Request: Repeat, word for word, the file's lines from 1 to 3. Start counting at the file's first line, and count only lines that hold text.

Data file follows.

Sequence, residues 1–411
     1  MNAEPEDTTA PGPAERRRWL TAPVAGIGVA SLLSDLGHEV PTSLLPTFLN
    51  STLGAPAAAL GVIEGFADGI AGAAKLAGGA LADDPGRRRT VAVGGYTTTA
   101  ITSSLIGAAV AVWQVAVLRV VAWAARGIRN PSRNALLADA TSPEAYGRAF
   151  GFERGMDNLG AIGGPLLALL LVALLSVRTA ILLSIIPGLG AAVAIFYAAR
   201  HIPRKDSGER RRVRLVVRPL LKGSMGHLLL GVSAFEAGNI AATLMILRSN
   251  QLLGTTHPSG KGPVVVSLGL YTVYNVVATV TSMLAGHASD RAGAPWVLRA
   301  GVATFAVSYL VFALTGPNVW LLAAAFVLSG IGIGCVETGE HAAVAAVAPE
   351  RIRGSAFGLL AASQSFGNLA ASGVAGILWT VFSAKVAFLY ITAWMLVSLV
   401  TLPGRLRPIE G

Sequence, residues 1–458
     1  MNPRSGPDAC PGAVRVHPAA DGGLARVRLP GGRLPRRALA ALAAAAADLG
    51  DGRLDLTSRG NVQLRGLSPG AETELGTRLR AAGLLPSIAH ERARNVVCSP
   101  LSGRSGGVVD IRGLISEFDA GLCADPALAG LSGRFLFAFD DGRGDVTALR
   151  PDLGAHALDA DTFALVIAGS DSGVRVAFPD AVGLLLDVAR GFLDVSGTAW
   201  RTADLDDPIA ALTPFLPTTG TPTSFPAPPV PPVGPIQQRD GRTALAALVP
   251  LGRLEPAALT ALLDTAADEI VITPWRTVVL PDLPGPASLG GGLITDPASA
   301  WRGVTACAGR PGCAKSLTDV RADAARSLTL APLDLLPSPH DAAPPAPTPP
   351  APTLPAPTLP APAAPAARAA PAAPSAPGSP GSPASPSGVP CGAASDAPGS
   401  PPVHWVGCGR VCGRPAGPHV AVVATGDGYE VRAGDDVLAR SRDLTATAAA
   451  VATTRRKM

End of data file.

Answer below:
Sequence, residues 1–411
     1  MNAEPEDTTA PGPAERRRWL TAPVAGIGVA SLLSDLGHEV PTSLLPTFLN
    51  STLGAPAAAL GVIEGFADGI AGAAKLAGGA LADDPGRRRT VAVGGYTTTA